A Life of Cloudless Nights

A Life of Cloudless Nights

When I was first blogging I got a lot of encouragement from other people who were writing online journals. Actually, “blogs” did not exist yet, people were coding their own web pages, writing online journals or diaries. People like John Bailey and NilkNarf encouraged others to write. It was a very positive environment, for the most part.

There were a few trolls out and about even then. Online, they made snarky comments about other journal writers, criticizing code and design, a spelling mistake, just about anything they could find that could be considered a flaw. (Not to be confused with genuine and helpful feedback that some people offered.) None of the “pot-shot” writers that I knew of lasted very long, their online writing efforts were short lived.

The trolls in real life, people who had face-to-face comments to make, almost all took up the contemptuously delivered, “what makes you think anybody cares about your boring life”. After delivering their message, they found that they no longer had to take any notice of my boring life, they weren’t a part of it anymore. I never felt the slightest inclination to address their angst.

And now, almost 20 years later, yes, my 20th journaling anniversary will be coming up in October, I have no regrets about writing here. I’ve made some very good friends through my writing on Page By Page. Sometimes I write and am not really sure that anyone reads what I write on that particular day. Sometimes I write to keep myself company. Sometimes I write because I am bursting with wonder at my good fortune, to be alive, to live the life I am living; or because I am amazed and delighted how the little things are really the big things, and that I have so many little things that twinkle in my life, like stars on a cloudless night.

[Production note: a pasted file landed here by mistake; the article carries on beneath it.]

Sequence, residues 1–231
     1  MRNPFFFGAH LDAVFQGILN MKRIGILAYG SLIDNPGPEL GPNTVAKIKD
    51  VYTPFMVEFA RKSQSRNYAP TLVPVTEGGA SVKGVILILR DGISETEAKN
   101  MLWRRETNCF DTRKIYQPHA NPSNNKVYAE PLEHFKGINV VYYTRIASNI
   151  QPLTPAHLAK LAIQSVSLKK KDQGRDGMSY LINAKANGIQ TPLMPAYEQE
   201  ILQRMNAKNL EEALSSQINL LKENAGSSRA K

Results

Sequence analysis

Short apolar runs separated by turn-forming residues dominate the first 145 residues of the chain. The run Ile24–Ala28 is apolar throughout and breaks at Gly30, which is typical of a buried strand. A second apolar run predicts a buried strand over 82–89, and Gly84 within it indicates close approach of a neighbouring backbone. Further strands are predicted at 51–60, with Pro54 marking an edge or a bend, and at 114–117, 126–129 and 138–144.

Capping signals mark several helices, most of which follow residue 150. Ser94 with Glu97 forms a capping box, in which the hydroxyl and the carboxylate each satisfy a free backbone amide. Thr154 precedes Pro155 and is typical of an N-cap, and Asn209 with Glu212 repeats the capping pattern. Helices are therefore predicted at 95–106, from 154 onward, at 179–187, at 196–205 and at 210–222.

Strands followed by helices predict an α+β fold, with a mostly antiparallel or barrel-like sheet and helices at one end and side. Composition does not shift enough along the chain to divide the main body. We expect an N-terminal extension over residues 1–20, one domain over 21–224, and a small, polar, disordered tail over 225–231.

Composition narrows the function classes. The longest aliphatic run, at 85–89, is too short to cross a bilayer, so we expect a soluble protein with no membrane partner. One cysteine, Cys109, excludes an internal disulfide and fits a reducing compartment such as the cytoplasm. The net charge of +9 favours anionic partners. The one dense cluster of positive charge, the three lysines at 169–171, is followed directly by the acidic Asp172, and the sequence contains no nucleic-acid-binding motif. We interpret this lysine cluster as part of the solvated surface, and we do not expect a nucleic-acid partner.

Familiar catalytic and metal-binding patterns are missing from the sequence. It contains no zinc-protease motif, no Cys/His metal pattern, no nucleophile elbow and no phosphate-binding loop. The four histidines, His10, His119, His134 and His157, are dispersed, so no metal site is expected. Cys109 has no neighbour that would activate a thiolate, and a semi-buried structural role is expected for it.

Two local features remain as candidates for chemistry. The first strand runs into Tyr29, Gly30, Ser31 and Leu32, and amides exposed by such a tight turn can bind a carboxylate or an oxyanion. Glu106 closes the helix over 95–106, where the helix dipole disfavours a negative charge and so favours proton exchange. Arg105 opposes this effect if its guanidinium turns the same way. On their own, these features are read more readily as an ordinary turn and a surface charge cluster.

But mostly I write because I know that the individual lives of humans, connected, are fragments of a whole; a whole that is greater than the sum of each life lived here on earth, a whole that is greater than any church, or government, or corporation, a theory, a doctrine, or power seeking social entity that ever existed in the times of human existence. My insignificant writing, read or not, is my connection to that greater, multifaceted, ever-changing force that is beyond the hubris of human social engineering of any kind. I’ve had almost twenty lovely years of expression, my earthly garden has thrived.

And I’ve been lucky, because I’ve had the honour of receiving the gifts that others have shared, comments, poetry, prose, music, laughter, books, a smile, a hug, a hat, a transistor radio, picking berries in the wild… and a thousand other hugely small gifts that have lit my way through the years.



Date: 7:00 AM EDT Monday 13 May 2019
Condition: Light Rain
Pressure: 101.2 kPa
Tendency: Falling
Temperature: 7.6°C
Dew point: 6.5°C
Humidity: 93%
Wind: NE 17 km/h
Visibility: 19 km


“You can’t love a crowd the same way you can love a person.
And a crowd can’t love you the way a single person can love you.
Intimacy doesn’t scale. Not really. Intimacy is a one-on-one phenomenon.”